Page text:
This week’s edition contains graffiti, artistic canines and a revolting new game.
My class tackled silent letters in reading class, and we read a story about a some wrens nesting. When I asked my students what they ate, one child replied, “Their sons.” Another child suggested, “Limbs.” They were referring to tree limbs, but still.
I found this in the empty back pages of a dictionary:
I recently discovered that my students describe a dog’s ‘woof woof’ as ‘wang wang’ in Chinese. My primary class began to write their own narrative based on a storyboard that included a dog left in the sun and unable to reach a nearby water bowl. I asked what the dog was doing and I mimicked panting, as I love any excuse to play Charades. One of the children shouted, “The dog is painting!”
Conceptualising the word ‘endure,’ one of my students drew an angry manager pointing to a declining performance chart and chiding his failing employees. They grow up so fast.
While describing what constitutes a landmark and pacing the floor, I fell over my chair quite spectacularly. One child cruelly sang, “London Bridge is falling down.”
A refreshing twist
Some body positivity right here:
In one of many asides we enjoyed while sharing ideas in class, two boys mused on what they would name their pets. One said he would name it his name but add ‘Junior’ to the end to continue his legacy. Another said he would name it Hero, or maybe Jeff.
Fortune cookie game
In a book review I set my class, one student covered Dumbo. I shudder to think how many children think that Disney is an author. However, the girl kept referring to the popular elephant as the pronoun ‘she.’ That was a fun Google search.
Children delight in the disgusting pleasures in life. A scientist called Anna Rothschild explores this in a recently published TED talk (see here). In a discussion about games that we like to play, the children assessed the merits of board games and more physical play such as musical chairs. One pupil mispronounced ‘hide and seek’ and instead said ‘sick.’ A spattering of students began fake gagging, but then a Mexican wave of real repulsion spread across the room. I’m not sure how I got out of that one unscathed.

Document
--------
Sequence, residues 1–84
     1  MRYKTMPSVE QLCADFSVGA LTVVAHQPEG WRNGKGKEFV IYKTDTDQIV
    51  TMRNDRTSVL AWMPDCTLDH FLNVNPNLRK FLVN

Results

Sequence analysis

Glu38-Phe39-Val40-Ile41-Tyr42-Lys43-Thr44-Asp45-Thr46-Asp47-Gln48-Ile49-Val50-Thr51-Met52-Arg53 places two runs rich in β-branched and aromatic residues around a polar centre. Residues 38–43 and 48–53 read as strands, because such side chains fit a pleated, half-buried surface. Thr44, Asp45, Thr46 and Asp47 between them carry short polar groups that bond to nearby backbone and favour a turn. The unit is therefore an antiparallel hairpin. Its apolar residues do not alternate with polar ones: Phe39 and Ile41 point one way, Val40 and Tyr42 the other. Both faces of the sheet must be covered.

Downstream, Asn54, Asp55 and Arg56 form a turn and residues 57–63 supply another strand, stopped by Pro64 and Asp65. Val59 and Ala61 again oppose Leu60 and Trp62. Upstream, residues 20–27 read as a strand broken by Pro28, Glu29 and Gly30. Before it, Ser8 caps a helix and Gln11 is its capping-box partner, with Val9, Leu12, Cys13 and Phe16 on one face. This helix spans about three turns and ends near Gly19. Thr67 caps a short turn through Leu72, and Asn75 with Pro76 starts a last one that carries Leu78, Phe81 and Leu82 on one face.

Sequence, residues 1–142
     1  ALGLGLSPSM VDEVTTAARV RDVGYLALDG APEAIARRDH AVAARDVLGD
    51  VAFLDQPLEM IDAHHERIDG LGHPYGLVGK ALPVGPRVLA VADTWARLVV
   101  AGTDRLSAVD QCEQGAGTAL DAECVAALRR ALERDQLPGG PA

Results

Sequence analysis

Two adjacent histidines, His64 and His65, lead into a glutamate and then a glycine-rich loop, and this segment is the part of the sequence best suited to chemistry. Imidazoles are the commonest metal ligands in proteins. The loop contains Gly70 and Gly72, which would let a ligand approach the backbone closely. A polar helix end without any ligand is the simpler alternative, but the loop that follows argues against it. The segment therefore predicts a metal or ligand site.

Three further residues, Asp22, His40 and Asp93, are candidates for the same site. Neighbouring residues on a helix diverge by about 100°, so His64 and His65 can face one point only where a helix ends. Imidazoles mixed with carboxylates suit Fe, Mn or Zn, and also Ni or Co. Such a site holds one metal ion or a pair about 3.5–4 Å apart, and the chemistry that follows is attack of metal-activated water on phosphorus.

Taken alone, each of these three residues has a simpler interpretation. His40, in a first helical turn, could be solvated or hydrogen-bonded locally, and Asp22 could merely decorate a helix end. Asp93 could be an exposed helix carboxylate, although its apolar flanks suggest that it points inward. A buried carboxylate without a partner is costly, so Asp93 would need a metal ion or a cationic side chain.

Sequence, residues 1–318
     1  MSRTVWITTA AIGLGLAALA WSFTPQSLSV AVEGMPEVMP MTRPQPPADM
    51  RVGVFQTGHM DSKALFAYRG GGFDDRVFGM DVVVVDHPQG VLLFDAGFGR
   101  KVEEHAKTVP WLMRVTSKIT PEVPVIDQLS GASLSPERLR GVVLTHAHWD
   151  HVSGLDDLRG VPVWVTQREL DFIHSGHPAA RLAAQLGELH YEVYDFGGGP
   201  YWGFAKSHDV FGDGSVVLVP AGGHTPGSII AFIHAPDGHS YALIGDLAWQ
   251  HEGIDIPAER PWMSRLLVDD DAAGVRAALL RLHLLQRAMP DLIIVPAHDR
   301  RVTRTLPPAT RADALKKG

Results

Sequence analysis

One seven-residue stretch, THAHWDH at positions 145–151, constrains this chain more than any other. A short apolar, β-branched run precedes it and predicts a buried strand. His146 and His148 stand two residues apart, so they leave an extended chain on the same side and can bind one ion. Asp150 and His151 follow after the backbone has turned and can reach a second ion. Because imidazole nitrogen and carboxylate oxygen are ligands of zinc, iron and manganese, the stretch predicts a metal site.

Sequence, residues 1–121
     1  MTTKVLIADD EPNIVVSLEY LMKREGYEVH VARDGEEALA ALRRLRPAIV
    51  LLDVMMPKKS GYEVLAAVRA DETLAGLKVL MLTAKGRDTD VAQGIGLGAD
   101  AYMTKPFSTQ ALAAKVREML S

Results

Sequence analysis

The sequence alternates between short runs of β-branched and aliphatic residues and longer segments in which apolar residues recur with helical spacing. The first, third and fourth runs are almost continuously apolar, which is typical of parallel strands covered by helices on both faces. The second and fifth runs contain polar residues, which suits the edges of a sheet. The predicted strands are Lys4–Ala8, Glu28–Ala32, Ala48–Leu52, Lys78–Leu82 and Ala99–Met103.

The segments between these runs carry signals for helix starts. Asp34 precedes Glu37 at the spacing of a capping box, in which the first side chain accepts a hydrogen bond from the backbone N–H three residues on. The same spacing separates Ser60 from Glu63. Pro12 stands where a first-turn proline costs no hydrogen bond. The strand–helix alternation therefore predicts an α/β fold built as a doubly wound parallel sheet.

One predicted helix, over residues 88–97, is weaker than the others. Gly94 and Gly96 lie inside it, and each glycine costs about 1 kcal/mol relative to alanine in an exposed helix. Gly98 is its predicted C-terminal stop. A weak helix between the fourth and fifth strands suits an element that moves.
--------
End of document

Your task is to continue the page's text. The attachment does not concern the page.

Inspired by my dictionary challenge worksheet, one kid brought their own dictionary to class. He shuffled uncomfortably into the classroom, then lumped his bag onto the desk. Inside the bag that he had been carrying since 6:30am that morning, he unleashed a giant unabridged dictionary that must have weighed as much as he did. I made sure we used it, discovering the meaning of a grappling hook before having timed races to see who could find a random word like ‘hippopotamus’ first. The next week, he thankfully didn’t bring it, but instead brought a magnifying glass as a passive aggressive snub towards the diminutive size of our classroom editions.
The way to my heart
One of my students brought me these back from New Zealand. This is my favourite job to date, and I used to get paid to drive a golf cart around the top of a cliff.
That’s it for this week, check back next week for more from the classroom!